There was a very nice yet somewhat dated locally owned restaurant in our community that was open one day and gone the next. While the modestly priced restaurant needed a few minor tweaks, it was still a great place for a nice quiet dinner and an escape from the normal loud sit-down places many communities are stuck with today.
Having had a conversation with the owner shortly before closing, they conveyed business had become very difficult over the previous few months. They believed the recent opening of one of those “sea-of-sameness” national chain steakhouses in the community was the final straw that did them in.
In our discussions and analysis of their situation, it occurred to me they had died a slow death by little setbacks along the way. Of course, in their minds it was all outside influences that caused them to meet their demise. In thinking through the discussion, there is much more to it as well. A few tweaks with their business model such as updated menu items, some marketing savvy and so forth might have been what was needed to make a difference.
Could those updates and changes have made a difference? In this case, it would have only taken two additional couples or small groups dining there each night that would have saved their locally owned business. The ultimate success of most locally owned businesses typically doesn’t need a massive new consumer base to survive; just small upticks can be the difference between life and death. Think of it this way: If a restaurant has two or three additional couples dining there each night, that is $200-$300 additional income each night or $2,100 per week, or $8,400 per month or approximately $100,000 per year. To a small locally owned business, that means staying in business or closing the doors.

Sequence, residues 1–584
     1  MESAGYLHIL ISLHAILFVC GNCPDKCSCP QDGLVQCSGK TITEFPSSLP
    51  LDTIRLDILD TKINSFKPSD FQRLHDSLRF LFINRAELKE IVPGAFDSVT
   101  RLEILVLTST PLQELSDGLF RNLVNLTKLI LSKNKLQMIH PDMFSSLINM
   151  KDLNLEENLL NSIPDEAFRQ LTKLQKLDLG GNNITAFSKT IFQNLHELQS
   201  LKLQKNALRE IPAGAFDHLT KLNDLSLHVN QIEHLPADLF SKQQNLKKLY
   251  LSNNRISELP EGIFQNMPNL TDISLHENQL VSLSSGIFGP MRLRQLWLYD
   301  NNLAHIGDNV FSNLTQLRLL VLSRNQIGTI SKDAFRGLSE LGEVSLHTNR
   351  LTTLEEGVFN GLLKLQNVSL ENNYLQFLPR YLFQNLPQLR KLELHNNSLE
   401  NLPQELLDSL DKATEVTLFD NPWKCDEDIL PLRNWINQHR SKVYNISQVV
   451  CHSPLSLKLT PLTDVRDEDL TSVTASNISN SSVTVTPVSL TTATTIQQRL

Where does this leave the community? It certainly leaves a big void in the dining scene. It siphons off yet more money that will leave the community to some corporate chain headquarters in a distant city or state. In the case of this single restaurant, over time, it takes millions of dollars out of circulation that would otherwise be circulating throughout the community generating sales tax revenue. This also reduces the choices of the consumers as they are slowly funneled toward out-of-town establishments that are becoming more and more pervasive throughout smaller communities.
What can communities do to avoid this situation repeating itself around the country time and time again? The solutions aren’t that difficult. We all need to take a bigger interest in our locally owned business establishments. We need to be more proactive and not only frequent them more often, but also provide constructive suggestions on how they can better serve or meet the demands of their customer base. Likewise, locally owned businesses need to be in tune to their consumer demands and do their best to not only understand them but strive to meet those demands. That means change is the name of the game if you are in business.
We must all realize there are four types of ways to spend our money. One is to leave our community and spend it in a distant community. Two is to shop online from the luxury of our own homes. Three is to frequent non-locally owned business establishments. Four is to frequent locally owned and operated business establishments. The first two options will kill your community rapidly if done in excess. The third will kill your community slowly via death of a thousand paper cuts. The fourth is the only sure way to grow your local tax base and thus create a more vibrant community. That isn’t opinion, this is simple math and logic. Finding that local spending balance is critical.
As stated, there needs to be a balance. Let us all take stock of our communities. Let us all think, what can I do to assure our locally owned business base is surviving? If we all think and act through this together, there is little that can stop your community from reaching its fullest economic potential. If we don’t think and act this through, there is little you can do to stop the ultimate demise of your community.
John A. Newby is the author of the "Building Main Street, Not Wall Street" column and consulting group dedicated to helping communities and media companies build synergies together. Both must not only survive but thrive in a world where local is lost to Amazon and Wall Street chains. His email is john@360MediaAlliance.net.